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A 'sting' operation of OA publishers

An author submitted 100s of variants on the same obviously-flawed article to various open access journals, and got through peer review (or what passes as 'peer review') in most of them.

I don't think these results are specific to OA, but are just a characterization of the bottom tier of publishing.

By focusing only on OAs, the author is inviting the comparison to closed access. However, that is not the fair comparison, the fair comparison is by tier. Most journals out there are absolute garbage, an they will continue to be if we continue to fetishize peer-review. Peer-review is important in many cases, but it shouldn't be a goal in of itself. The goal should always be good science, and if that is achieved better through peer-review, or through repositories, or even blogs is a different question.

As members of the #OpenScience  community, we really need to focus on replacing the bottom tier of publishing with other alternatives. My preferred alternative is blogs and blog aggregators.

/via +Ethan Siegel and +Paul Minda /cc +John Baez +David Basanta +Piotr Migdal +Jacob Scott +Open Science Federation 
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The bottom tier of #OpenScience  should be the arXiv and the upcoming #bioarxiv  .  The real problem here is that publications are the currency in academia, and people don't take the time to value the work itself, they just look to see if it's published - then the only thing they do is check if it is a high impact journal, or other - and the other doesn't matter what.  We have to change the way we value these things or else people will continue to pass off crap like this (and people will continue to let them, as long as the money flows).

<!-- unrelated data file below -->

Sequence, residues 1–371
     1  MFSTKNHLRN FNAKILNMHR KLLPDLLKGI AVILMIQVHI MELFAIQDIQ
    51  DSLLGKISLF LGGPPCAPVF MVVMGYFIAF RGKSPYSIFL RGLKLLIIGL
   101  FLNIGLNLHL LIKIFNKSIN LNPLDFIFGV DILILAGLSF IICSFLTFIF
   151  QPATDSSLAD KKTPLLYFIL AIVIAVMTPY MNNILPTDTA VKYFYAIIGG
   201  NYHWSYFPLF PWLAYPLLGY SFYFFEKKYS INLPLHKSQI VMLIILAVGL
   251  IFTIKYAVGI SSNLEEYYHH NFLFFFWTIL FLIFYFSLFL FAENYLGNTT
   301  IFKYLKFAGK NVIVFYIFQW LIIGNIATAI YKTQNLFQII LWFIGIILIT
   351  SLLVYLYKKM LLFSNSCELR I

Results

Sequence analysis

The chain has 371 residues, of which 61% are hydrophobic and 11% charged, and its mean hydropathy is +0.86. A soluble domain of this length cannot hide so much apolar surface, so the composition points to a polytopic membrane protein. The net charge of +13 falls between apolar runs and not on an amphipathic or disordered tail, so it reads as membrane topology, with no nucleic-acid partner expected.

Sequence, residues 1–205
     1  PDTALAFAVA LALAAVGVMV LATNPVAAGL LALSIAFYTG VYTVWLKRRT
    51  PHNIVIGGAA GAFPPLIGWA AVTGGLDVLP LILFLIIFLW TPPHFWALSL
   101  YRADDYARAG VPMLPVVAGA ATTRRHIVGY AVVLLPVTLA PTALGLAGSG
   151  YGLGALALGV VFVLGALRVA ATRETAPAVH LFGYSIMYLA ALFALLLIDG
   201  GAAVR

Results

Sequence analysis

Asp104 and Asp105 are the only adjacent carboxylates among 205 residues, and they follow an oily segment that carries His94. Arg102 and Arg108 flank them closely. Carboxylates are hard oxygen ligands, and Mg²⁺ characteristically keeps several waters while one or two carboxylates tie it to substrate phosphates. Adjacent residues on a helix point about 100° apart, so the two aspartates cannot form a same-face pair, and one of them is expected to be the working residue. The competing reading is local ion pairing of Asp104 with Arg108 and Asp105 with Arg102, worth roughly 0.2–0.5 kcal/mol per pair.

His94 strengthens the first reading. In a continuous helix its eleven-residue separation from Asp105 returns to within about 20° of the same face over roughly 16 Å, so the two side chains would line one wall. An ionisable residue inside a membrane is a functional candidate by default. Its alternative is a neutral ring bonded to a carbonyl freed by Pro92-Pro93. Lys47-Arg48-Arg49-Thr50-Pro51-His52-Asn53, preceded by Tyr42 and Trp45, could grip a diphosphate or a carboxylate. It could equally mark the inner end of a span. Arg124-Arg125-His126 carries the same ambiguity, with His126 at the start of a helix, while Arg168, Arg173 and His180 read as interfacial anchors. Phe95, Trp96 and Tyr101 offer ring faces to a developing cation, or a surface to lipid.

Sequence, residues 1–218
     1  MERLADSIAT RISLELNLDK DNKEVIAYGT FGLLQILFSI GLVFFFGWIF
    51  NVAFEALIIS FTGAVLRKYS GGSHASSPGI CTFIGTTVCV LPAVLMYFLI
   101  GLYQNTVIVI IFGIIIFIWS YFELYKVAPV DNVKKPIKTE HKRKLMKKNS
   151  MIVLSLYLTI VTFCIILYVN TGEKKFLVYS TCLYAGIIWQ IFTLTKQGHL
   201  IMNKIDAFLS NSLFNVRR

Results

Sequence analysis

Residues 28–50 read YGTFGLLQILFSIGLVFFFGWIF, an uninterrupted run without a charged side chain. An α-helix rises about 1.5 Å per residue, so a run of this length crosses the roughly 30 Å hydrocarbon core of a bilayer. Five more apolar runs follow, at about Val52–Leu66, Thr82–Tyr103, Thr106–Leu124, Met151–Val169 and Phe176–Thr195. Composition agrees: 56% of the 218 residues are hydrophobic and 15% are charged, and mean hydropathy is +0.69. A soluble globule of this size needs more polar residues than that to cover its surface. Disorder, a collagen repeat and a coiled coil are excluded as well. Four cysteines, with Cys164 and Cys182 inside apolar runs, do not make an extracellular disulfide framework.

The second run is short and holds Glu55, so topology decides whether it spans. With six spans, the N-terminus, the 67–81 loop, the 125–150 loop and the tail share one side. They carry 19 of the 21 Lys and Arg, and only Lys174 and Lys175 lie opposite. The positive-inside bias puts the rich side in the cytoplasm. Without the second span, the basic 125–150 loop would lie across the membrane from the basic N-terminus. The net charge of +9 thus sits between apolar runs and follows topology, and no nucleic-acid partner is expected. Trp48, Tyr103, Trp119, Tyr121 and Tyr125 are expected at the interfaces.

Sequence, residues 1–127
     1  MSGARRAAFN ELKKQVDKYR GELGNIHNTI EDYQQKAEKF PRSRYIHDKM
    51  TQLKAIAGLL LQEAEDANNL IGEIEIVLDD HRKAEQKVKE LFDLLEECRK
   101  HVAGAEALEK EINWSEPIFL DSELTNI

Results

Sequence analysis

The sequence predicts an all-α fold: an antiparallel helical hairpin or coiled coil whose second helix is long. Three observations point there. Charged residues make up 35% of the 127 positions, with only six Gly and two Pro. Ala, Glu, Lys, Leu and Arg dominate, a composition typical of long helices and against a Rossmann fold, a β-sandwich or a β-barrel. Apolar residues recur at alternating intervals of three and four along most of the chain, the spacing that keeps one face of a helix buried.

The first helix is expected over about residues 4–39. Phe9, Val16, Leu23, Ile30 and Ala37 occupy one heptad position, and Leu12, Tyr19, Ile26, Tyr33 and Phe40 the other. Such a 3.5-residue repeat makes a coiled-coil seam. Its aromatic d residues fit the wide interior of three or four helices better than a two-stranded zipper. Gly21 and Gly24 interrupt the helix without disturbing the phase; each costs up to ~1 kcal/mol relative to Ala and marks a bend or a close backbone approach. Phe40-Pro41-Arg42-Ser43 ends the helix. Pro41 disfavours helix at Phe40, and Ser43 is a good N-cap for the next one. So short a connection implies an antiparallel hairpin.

A distant family member recently tried to get me involved in some pyramid scam for some silly herbal cureall called #protandim  (basically just a random mixture of herbs) that has 'scientific proof' of working.  One of the papers was in PLoS One, but the rest were pay-for-pub crap like this article is about...  if the scientific community can't even police ourselves, how can we expect lay-folk and policy makers to parse this stuff?

And, I just tweeted about this article and have been talking about it... ugh.
We have to realise that peer-review is not the last line of defence of science but the first. A peer reviewed paper on any given topic is not the last word on that topic, it doesn't make it dusted and settled. A good piece of science should present a result that should be interesting enough so that other scientists reproduce the experiments, validate them using a different system/approach or generally try to add weight to whatever assertion has been made.

When designing a new math model, if one key biological assumption relays on only one piece of research, be it published on Nature or PLoS ONE, I feel a lot less comfortable. Ideally you should have a number of independent pieces of research pointing to a given idea.
+Paul Minda, what you just mentioned is exactly the topic of a blog post by @michael eisen that I posted to Google+ earlier on today.
+Artem Kaznatcheev, when you mention that better science can be achieved through preprint servers, blogs or peer review I would say that you will always need some form of peer review. But this can be done via traditional journal-driven peer review or via blogs. It doesn't really matter where the expert feedback comes from but the more the better.
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